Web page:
EPA’s self-audit policy – a case study

iStock_peekingUnder EPA’s Audit Policy – finalized on April 11, 2000 – if a company discover environmental violations through its own voluntary audit, it can report the violations to EPA within 21 days of discovery and seek significant reduction in civil penalties from the agency. The company must meet nine conditions to be eligible for a 100% reduction of the gravity portion of the civil penalty. (More on the gravity portion later).

The 9 conditions are:

  1. The audit must be systematic.
  2. It must be voluntary.
  3. Prompt disclosure of violations within 21 days.
  4. Audits must be independent of permit or settlement conditions.
  5. Correct violation within 60 days.
  6. Prevent recurrence of violation.
  7. No repeat violations.
  8. No serious harm to human health or environment.
  9. Cooperate with agency.

EPA’s civil penalty polciy has two portions: Gravity and economic benefits portions. The gravity portion of the civil penalty refers to the part of penalty that pertains to how much damage is done to the environment or the severity (gravity) of the violation. The economic benefits portion is the amount of money the violator has saved by not being in compliance.  For example, if you have been dumping your toxic wastes into the river for a year, you have saved a certain amount of money by not having to pay for the proper disposal of those wastes. The economic benefits portion of the civil penalty would be the amount of money you have saved that the agency wants from you.

Click here for a list of frequently asked questions about EPA’s self-audit policy.

On april 30, 2004, subsidiaries of Koch Industries purchased 40 manufacturing plants from DuPont. Twelve of these facilities are located in the United States. The company entered into a corporate-wide auditing agreement with EPA under EPA’s self-audit policy and uncovered over 680 violations of water, air, hazardous waste, emergency planning and preparedness and pesticide regulations. The company disclosed these violations in accordance with EPA’s  audit policy agreement.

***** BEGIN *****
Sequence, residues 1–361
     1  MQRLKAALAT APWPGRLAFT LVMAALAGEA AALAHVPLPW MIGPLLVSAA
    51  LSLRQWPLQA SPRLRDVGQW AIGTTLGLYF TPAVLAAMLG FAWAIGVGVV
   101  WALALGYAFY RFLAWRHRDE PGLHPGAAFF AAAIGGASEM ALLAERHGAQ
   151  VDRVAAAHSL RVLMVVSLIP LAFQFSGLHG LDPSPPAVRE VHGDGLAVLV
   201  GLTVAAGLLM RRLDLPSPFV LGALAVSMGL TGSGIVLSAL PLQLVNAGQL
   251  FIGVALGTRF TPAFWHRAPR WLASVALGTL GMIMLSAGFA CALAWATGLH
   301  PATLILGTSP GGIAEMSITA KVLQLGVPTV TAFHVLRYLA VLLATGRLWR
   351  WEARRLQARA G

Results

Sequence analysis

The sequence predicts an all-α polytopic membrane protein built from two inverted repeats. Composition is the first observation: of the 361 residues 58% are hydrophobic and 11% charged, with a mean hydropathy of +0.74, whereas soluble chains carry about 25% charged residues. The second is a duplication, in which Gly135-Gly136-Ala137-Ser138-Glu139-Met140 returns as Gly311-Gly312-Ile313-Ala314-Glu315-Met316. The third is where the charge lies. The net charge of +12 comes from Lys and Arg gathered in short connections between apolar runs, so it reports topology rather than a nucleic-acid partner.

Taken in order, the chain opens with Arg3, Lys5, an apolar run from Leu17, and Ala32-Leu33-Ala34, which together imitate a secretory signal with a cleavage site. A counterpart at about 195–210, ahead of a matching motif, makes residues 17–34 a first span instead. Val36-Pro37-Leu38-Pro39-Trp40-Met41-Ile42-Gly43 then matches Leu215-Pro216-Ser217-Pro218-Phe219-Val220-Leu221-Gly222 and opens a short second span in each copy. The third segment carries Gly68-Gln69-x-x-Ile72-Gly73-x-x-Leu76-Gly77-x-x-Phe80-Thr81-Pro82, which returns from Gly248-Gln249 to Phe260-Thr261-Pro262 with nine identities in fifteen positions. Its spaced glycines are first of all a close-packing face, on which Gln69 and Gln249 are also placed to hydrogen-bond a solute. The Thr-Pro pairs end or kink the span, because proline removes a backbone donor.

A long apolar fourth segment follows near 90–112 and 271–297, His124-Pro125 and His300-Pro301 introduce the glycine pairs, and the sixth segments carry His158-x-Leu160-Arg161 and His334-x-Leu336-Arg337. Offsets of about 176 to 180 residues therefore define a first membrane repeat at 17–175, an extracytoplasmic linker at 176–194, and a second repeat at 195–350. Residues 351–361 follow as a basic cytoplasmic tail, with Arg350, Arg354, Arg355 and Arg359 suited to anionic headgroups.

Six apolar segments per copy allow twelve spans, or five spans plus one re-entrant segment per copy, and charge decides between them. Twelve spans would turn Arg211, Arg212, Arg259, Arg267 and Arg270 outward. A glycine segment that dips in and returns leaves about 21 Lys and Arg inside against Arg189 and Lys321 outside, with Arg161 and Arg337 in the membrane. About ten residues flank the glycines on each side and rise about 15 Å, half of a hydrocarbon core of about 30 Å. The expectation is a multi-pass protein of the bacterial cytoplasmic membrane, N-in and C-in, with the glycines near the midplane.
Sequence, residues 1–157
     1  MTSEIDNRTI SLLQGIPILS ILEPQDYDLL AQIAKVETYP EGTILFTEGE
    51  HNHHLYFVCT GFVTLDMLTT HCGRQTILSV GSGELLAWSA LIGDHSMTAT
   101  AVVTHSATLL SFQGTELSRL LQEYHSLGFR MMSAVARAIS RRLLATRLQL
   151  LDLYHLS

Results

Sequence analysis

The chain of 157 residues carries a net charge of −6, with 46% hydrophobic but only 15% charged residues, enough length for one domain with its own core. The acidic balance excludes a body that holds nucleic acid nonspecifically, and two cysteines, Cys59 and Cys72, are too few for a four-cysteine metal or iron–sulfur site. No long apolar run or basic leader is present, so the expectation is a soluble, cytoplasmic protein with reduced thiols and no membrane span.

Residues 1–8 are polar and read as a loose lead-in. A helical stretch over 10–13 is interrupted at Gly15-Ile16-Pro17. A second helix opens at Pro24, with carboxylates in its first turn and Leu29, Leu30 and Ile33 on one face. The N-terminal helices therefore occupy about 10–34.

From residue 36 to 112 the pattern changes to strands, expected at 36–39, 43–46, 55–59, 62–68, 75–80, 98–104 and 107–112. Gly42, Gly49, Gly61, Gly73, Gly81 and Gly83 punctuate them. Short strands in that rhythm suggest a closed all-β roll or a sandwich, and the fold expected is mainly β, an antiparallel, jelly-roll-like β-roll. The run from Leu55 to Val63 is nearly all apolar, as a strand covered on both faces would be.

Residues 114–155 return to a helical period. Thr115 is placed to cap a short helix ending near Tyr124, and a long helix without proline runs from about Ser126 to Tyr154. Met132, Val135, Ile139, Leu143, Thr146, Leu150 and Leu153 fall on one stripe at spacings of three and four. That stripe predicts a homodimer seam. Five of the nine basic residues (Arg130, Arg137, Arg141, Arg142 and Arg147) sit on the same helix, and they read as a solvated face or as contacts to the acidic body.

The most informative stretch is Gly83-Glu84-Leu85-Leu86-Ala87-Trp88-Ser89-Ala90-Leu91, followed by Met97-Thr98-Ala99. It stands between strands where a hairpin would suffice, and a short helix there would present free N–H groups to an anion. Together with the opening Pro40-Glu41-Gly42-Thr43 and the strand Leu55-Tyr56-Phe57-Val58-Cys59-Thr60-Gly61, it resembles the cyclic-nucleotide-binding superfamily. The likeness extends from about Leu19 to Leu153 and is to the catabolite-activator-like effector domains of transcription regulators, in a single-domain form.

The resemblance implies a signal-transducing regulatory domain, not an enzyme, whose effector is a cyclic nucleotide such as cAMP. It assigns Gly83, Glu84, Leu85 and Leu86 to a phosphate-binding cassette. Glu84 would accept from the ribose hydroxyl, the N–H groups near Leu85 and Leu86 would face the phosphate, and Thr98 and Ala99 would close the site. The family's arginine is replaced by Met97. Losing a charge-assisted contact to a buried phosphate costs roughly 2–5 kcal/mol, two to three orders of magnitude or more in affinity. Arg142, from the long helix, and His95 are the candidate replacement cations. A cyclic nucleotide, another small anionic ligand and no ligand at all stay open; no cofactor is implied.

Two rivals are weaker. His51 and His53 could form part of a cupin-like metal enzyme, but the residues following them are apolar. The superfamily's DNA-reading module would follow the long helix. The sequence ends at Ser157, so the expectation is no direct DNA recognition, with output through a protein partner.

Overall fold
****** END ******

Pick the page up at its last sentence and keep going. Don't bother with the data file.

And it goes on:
As part of a Consent Agreement, EPA waived the gravity portion of the civil penalty but fined the company $1.7 million as the economic benefits portion of the civil penalty. This would be the amount of money EPA estimated the company would have saved by not being in compliance from the time it acquired those 12 facilities to the time when all the violations are corrected.  The company also agreed to spend between $240 and $500 million to correct all the environmental violations at those facilities.

This is a classic case of how a large company can take advantage of EPA’s self-auditing policy to start over with a clean slate. By agreeing with EPA to conduct a self-audit, the company averted the gravity portion of the penalty and paid only $1.7 million for over 680 violations. Without the self-audit agreement beforehand, the company would have to pay a substantial gravity portion of the civil penalty in addition to the $1.7 million for economic benefits. 

This particular case has helped EPA to develop a separate self auditing policy designed specifically for “new owners” of facilities. If you acquire a facility and conduct a voluntary self-audit of that facility within 9 months from the date of acquisition, you may be eligible for waiver of the gravity portion of the civil penalty under the “new owner” policy which relaxes some of the nine conditions cited above.

You will still be liable for the economic portion of the civil penalty.


2 responses to “EPA’s self-audit policy – a case study

  1. Yes – the operative words are “may not always”. There is no silver bullet or one size fit all solution. The decision to go with the self-audit policy must be a management and legal decision that should not be taken lightly. In the case I cited, management made the right decision – in my opinion.

Leave a Reply

Fill in your details below or click an icon to log in:

WordPress.com Logo

You are commenting using your WordPress.com account. Log Out /  Change )

Google+ photo

You are commenting using your Google+ account. Log Out /  Change )

Twitter picture

You are commenting using your Twitter account. Log Out /  Change )

Facebook photo

You are commenting using your Facebook account. Log Out /  Change )


Connecting to %s